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Cervical Screening Awareness Month a prompt for women

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Cervical Screening Awareness Month a prompt for Bay of Plenty and Lakes women

Women in the Bay of Plenty and Lakes districts are urged to use September – Cervical Screening Awareness Month – as a reminder to have a cervical smear test, every three years.

Bay of Plenty and Lakes Regional Co-ordinator Anneliese Luthard says investing a small amount of time in having regular cervical smears can reduce the risk of developing cervical cancer by an amazing 90 per cent.

“The cell changes to the cervix that can lead to cervical cancer are caused by the human papillomavirus (HPV). HPV infection is very common. Changes in the cervix as a result of HPV occur very slowly and may clear spontaneously. However, sometimes these changes may progress to cancer. So, having regular smears, every three years, means it is very likely abnormal cells will be found and treated long before they ever become cancer,” says Mrs Luthard.

Some women may now be offered an HPV test when they have their cervical smear. The test helps identify women who may need further follow up with a specialist.

A negative test result indicates you are extremely unlikely to be at risk of developing cervical cancer in the next three to five years. This can reduce the need for repeat smears for women whose smears have shown mild changes or who have previously had treatment.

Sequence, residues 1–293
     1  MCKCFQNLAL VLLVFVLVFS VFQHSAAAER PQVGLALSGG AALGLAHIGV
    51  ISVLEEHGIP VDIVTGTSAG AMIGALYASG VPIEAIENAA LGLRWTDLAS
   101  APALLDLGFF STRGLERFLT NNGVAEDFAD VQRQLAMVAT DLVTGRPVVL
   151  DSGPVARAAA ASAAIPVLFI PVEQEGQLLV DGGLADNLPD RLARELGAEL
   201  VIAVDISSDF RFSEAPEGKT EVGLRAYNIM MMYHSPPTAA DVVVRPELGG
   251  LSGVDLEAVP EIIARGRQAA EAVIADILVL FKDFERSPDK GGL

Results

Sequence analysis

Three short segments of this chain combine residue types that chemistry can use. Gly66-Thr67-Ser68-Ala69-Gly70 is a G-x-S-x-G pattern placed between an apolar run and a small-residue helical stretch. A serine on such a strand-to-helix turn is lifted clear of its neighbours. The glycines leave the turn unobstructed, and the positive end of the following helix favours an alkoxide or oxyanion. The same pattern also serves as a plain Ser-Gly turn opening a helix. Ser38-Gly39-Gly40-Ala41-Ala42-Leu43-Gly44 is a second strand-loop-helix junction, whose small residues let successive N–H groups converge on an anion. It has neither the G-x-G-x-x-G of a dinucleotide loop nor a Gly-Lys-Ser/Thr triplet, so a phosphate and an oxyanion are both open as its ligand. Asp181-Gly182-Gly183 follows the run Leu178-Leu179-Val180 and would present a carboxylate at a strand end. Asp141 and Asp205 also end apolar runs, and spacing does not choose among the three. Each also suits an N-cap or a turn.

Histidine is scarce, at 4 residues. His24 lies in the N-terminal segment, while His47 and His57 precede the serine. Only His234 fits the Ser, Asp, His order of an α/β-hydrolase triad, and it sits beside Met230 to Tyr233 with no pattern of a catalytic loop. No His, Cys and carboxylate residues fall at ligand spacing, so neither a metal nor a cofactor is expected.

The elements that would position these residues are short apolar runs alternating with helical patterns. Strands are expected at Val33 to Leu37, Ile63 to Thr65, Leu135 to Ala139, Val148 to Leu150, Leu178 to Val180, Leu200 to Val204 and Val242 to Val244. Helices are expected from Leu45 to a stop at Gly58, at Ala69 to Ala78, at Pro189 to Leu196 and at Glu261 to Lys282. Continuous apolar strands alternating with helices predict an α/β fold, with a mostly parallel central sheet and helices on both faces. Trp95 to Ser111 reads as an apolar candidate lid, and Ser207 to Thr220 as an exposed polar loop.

A positive test result means a high-risk type of HPV has been found. In this case, your smear taker will discuss follow up with you, so any cell changes can be treated early.

The HPV test is usually taken at the same time as the cervical smear test, using the same sample of cells, so there is no need to have a second test.

It’s important for women who have had the HPV vaccine to remember to have regular cervical smears. The HPV vaccine does not protect against all the types of HPV that cause cervical cancer, so women who have been immunised must still have smears every three years.

Women who are not sure when their smear is due, or who want to become part of the National Cervical Screening Programme can ring the freephone number 0800 729 729 or visit www.cervicalscreening.govt.nz.

Regular cervical smear tests are recommended from the age of 20 to 70 for women who have ever been sexually active.
“I hope all our local women book in for a smear if it’s due or overdue, and join the National Cervical Screening Programme if they haven’t already,” said Mrs Luthard.

Regional cervical screening statistics by DHB:

Bay of Plenty
In the Bay of Plenty DHB region, more than 77 percent of all women aged 25 to 69 had a cervical smear in the last three years. This includes 59 percent of Māori women, 71 percent of Pacific women, 79 percent of Asian women and 83 percent of European/other women. The National Cervical Screening Programme is working towards a national target by 2014 of 80 percent of women having had a smear test in the past three years.

Lakes
In the Lakes DHB region, more than 77 percent of all women aged 25 to 69 had a cervical smear in the last three years. This includes 65 percent of Māori women, 52 percent of Pacific women, 66 percent of Asian women and 85 percent of European/other women. The National Cervical Screening Programme is working towards a national target by 2014 of 80 percent of women having had a smear test in the past three years.

ENDS

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